'A Rake's Progress'
(If 'progress' means being waved at the backsides of some sheep)

“You! Peasant!” Bawled a red-faced Fenwickian sergeant at a hapless looking fellow in a smock holding a rake. “Hmmm? Me, sir?” replied Gangulphus Schnittersplitte trying hard not to trip over the rake in his surprise. “Of course bleedin’ you, you bleedin' ‘orrible specimen! Get those bleedin’ sheep shifted sharpish or you’ll feel my bleedin’ boot so far up your bleedin’ jacksy you’ll be polishin’ it wiv your bleedin’ tonsils!” The words “I really shouldn’t be here you know” paused momentarily on the tip of Gangulphus’ tongue before retreating hastily as his brain took in the size of the sergeant’s feet. Instead he prodded hopefully at the sheep with his rake and said: “Get along there! Good sheep, erm, come by or something...” as the herd ambled it’s way a little further toward the waiting cooking pots of Fort Pippin some four miles up the road.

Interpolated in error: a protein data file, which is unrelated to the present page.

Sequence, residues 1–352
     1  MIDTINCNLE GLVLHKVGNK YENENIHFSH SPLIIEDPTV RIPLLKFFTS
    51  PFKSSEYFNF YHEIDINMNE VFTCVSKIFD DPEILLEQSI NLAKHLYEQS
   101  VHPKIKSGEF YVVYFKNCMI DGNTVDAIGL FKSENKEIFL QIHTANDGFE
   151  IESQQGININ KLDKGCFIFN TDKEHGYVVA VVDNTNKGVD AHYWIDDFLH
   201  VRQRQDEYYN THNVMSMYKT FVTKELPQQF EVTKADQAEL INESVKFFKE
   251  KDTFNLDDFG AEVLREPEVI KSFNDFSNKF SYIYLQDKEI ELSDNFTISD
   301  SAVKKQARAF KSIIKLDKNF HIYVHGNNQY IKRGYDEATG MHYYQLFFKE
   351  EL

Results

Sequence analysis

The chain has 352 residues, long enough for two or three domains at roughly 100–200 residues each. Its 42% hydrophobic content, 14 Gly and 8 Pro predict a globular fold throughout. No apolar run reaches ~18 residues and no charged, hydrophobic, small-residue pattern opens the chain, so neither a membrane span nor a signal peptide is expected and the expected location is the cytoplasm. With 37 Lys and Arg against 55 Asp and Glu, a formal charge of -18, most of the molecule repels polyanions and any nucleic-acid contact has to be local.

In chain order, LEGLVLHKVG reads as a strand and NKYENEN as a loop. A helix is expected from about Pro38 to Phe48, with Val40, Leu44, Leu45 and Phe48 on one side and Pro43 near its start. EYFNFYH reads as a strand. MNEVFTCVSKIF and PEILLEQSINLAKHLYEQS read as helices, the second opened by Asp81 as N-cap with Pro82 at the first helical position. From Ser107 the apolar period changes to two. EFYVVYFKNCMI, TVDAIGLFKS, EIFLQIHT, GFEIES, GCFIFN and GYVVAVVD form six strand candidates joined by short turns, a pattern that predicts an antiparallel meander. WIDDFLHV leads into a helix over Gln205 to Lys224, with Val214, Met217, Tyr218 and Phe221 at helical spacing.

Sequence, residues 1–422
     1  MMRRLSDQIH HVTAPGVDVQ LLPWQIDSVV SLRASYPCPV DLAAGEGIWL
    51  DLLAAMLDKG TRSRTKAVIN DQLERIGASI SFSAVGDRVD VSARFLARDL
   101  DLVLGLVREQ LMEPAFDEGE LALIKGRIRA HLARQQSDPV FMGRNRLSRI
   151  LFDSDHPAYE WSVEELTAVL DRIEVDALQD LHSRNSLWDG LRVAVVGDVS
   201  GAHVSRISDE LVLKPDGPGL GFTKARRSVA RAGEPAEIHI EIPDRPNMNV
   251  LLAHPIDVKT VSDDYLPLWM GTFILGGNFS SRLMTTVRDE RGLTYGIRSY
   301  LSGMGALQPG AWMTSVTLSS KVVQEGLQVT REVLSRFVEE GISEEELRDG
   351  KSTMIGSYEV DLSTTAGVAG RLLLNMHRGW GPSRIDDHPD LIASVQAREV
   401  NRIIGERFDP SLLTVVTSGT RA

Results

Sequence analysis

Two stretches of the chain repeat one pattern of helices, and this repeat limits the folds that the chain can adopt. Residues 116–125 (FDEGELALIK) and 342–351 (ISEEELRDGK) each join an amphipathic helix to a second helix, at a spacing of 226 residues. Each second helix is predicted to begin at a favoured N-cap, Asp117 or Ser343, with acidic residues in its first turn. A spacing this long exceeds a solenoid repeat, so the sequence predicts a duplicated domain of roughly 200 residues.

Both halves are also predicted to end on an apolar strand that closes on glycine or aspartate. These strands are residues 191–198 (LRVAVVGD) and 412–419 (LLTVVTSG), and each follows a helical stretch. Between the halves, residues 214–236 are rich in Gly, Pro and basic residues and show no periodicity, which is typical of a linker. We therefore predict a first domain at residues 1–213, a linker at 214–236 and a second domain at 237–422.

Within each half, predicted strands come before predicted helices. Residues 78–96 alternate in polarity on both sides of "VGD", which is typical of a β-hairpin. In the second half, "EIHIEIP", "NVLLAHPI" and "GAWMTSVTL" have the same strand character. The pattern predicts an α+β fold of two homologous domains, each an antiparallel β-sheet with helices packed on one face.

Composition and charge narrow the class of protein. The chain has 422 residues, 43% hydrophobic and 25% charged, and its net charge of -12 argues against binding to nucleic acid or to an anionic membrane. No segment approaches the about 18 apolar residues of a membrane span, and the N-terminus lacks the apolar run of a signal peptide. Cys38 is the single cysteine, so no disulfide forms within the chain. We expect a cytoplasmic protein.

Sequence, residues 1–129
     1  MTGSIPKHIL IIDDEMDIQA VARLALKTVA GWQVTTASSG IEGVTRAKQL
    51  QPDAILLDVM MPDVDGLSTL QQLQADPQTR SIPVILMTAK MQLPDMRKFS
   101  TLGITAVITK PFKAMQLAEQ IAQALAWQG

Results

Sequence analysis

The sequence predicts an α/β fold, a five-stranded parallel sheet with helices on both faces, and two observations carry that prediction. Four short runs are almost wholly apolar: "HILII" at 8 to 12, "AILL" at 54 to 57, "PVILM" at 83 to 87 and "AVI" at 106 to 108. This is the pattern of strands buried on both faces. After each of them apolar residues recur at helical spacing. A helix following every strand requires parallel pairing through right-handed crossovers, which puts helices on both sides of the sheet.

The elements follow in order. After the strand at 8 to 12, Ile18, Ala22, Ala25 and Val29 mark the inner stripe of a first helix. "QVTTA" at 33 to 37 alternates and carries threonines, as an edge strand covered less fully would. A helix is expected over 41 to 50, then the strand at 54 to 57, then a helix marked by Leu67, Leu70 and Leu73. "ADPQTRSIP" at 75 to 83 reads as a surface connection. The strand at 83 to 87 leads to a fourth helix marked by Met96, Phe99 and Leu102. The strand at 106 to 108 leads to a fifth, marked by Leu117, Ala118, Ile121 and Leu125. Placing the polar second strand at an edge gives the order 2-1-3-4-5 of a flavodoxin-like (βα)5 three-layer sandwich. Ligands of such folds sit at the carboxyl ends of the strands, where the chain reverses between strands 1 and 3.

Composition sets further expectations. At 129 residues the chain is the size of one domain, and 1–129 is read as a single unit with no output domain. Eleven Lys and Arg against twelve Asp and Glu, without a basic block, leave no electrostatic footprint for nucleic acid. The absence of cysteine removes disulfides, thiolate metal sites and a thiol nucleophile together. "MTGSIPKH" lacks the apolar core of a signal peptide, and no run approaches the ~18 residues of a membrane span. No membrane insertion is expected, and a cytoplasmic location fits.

And he really shouldn’t have been there. Three days ago as an aspiring writer desperate to research the essential truth of Fenwickian peasant life Gangulphus had, in a fit of romanticism, exchanged clothes with a local shepherd. The next day he fell foul of Fenwick’s rather antiquated laws of serfdom when he not only failed to persuade the recalcitrant former shepherd to take back his smock and breeks, but was equally unable to convince the local authorities that he was anything but a peasant with ideas, some of them possibly dangerous, and all certainly well above his station. And now he found himself doing his best to shoo sheep up a dusty road as part of the Imperial attempt to strengthen the beleaguered garrison of Fort Pippin with a delivery of gunpowder, grain and fresh meat. The convoy of wagons was guarded by detachments of regular infantry at head and tail and flanked by further infantry and two squadrons of Pflöpwinckel’s Dragoons to the left whilst two platoons of Col Antondekk’s Jägers busily trampled the kitchen garden of the farm to the right of the column, scrumping turnips as they went.

'A field full of turnips.'
(Some of which are vegetables in the farm's garden.)